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Why You Won’t Get a Pay Rise for Years: Warning of Grim Wages

Millions of Australians may not receive wages for years as the economy struggles to recover from the impact of the coronavirus.

In a stark warning on Thursday, Federal Treasurer Josh Frydenberg said wage growth is likely to remain subdued “ at least for years to come. ”

In the April to June quarter, wages rose just 0.2 percent – the lowest increase in 22 years – and that was before Victoria’s second lockdown caused even more economic damage.

In the three months to June, wages rose by only 0.2 percent. Mining salaries (pictured are two engineers) were up 0.5 percent

In the three months to June, wages rose by only 0.2 percent. Mining salaries (pictured are two engineers) were up 0.5 percent

Millions of Australians may not receive wages for years as the economy struggles to recover from the impact of the coronavirus. Pictured: A cafe employee in Melbourne

Millions of Australians may not receive wages for years as the economy struggles to recover from the impact of the coronavirus. Pictured: A cafe employee in Melbourne

Millions of Australians may not receive a salary for years as the economy struggles to recover from the impact of the coronavirus. Pictured: A cafe employee in Melbourne

The worst blow categories were construction and professional services, which saw a 0.5 percent drop in pay, and other services, including personal care and maintenance, which dropped 0.9 percent.

Wages in electricity, gas, water and waste services increased 0.6 percent, while salaries in education and mining increased 0.5 percent and financial wages increased 0.4 percent.

Speaking to the Australian Chamber of Commerce and Industry, Mr. Frydenberg said the effects of the coronavirus-induced recession will last for many years.

The unemployment rate in Australia, which was five percent before the pandemic, was 7.5 percent in July and 6.8 percent in August.

“As with previous recessions, here and around the world, it will take time for the unemployment rate to return to pre-crisis levels, despite our unprecedented response,” said the treasurer.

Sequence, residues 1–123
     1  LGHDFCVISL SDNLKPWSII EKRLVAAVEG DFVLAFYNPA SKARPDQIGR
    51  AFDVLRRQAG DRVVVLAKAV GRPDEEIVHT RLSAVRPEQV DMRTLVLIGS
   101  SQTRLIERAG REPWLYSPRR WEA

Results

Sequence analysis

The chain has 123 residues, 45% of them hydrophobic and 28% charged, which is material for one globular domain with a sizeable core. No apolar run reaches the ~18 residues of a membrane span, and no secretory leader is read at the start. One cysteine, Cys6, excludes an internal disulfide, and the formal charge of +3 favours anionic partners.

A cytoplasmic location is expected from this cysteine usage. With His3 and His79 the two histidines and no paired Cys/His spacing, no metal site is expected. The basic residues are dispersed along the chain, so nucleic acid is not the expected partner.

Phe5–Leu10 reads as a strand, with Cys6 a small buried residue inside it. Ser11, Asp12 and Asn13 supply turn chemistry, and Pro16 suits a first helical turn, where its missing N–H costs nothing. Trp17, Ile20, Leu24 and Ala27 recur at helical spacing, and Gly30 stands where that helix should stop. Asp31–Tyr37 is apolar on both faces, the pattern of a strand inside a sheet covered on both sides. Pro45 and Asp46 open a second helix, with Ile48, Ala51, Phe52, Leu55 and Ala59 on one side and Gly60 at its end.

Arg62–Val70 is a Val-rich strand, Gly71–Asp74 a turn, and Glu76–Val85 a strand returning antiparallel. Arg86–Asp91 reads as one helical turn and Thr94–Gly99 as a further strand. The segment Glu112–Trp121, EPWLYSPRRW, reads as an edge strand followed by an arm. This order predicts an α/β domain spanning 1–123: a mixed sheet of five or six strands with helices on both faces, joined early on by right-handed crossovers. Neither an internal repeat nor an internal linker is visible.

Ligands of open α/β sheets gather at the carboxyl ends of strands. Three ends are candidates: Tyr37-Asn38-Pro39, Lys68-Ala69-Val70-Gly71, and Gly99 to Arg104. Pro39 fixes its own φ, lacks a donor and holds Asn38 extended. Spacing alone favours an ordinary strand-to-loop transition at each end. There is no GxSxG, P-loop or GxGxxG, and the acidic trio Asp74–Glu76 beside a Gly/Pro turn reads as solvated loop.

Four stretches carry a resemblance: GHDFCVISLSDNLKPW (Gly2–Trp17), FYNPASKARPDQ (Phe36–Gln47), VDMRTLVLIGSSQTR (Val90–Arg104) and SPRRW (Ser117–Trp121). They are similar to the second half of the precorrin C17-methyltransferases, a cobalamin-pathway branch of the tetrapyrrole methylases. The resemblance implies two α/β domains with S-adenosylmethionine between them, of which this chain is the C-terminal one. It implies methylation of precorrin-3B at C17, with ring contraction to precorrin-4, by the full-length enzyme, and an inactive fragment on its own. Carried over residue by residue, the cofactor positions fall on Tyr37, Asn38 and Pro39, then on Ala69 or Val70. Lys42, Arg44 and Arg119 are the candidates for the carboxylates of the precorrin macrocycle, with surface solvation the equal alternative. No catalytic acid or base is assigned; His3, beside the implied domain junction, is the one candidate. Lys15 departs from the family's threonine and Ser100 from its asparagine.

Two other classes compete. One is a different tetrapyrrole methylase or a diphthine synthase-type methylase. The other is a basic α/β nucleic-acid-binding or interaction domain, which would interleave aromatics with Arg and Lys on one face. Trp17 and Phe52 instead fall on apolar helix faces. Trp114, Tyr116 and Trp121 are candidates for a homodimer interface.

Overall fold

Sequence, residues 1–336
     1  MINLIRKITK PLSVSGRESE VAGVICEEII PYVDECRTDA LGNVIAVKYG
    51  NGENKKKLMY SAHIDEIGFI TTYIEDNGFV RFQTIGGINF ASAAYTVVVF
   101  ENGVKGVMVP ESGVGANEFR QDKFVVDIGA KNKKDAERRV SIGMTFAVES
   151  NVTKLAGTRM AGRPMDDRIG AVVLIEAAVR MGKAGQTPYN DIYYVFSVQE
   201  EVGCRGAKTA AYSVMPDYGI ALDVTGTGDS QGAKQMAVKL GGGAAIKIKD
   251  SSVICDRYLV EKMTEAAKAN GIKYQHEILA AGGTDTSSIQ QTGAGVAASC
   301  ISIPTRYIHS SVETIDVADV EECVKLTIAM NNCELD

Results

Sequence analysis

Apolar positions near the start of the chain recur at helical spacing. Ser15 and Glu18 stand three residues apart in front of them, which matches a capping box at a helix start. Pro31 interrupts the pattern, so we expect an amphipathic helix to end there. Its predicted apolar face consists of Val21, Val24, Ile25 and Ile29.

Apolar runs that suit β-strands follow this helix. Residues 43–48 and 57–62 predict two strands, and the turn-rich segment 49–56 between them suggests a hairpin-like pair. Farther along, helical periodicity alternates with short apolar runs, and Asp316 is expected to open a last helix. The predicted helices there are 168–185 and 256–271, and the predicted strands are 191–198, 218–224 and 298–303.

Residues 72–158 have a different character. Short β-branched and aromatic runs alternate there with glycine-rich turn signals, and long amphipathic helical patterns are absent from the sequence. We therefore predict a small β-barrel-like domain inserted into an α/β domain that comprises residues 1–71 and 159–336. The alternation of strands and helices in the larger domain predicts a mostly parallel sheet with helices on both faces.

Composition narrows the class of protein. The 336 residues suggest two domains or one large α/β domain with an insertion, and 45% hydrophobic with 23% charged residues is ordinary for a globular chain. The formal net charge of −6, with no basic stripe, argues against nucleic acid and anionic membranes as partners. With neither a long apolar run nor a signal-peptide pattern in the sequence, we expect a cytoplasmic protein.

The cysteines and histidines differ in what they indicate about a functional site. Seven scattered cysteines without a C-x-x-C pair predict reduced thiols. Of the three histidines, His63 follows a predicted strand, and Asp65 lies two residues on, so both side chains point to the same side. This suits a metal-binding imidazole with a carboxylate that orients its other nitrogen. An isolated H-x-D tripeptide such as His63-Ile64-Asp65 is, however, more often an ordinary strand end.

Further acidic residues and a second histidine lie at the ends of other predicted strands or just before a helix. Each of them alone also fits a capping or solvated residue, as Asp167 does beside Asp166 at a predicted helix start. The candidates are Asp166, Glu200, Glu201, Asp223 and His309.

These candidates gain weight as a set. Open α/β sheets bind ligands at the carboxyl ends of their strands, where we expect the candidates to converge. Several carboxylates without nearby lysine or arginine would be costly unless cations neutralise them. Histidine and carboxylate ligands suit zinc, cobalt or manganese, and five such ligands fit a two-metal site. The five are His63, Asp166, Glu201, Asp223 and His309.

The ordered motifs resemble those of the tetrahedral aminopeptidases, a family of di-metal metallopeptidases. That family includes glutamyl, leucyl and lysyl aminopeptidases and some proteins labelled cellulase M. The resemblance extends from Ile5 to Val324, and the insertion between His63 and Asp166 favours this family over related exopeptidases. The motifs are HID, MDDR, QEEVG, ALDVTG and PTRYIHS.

He said the other big change in the economy will be a “persistently lower level of prices and wages.”

Retail wages rose by only 0.1 percent in the June quarter. Pictured: a store in Sydney

Retail wages rose by only 0.1 percent in the June quarter. Pictured: a store in Sydney

Retail wages rose by only 0.1 percent in the June quarter. Pictured: a store in Sydney

The hardest hit categories were construction (pictured) and professional services, which dropped wages by 0.5 percent, and other services, including personal care and maintenance, which fell 0.9 percent in the three months to June.

The hardest hit categories were construction (pictured) and professional services, which dropped wages by 0.5 percent, and other services, including personal care and maintenance, which fell 0.9 percent in the three months to June.

The hardest hit categories were construction (pictured) and professional services, which dropped wages by 0.5 percent, and other services, including personal care and maintenance, which fell 0.9 percent in the three months to June.

With high reserve capacity in the economy, it will take some time for inflation to return to the middle of the Reserve Bank’s target range [of 2-3 per cent].

“And wage growth is likely to remain subdued for years to come, until the job market tightens.”

In the June quarter, inflation was -0.3 percent, meaning prices fell slightly.

Meanwhile, seasonally adjusted wages in the private sector rose 0.1 percent and wages in the public sector rose 0.6 percent, resulting in an overall increase of only 0.2 percent.

That is the lowest increase since the wage price index was introduced in 1998.

These changes in the underlying economy, which stem directly from the Covid-19 recession, will weaken our fiscal position in the medium term, even if our targeted policy support [including JobKeeper and a boosted JobSeeker] is being phased out, ‘said Mr Frydenberg.

Average weekly earnings by industry in May 2020

Mining: $ 2,697.50

Production: $ 1,526.80

Electricity, Gas, Water, and Waste: $ 1,907.70

Construction: $ 1,683.00

Wholesale: $ 1,591.50

Retail: $ 1,259.80

Lodging and Food Services: $ 1,139.30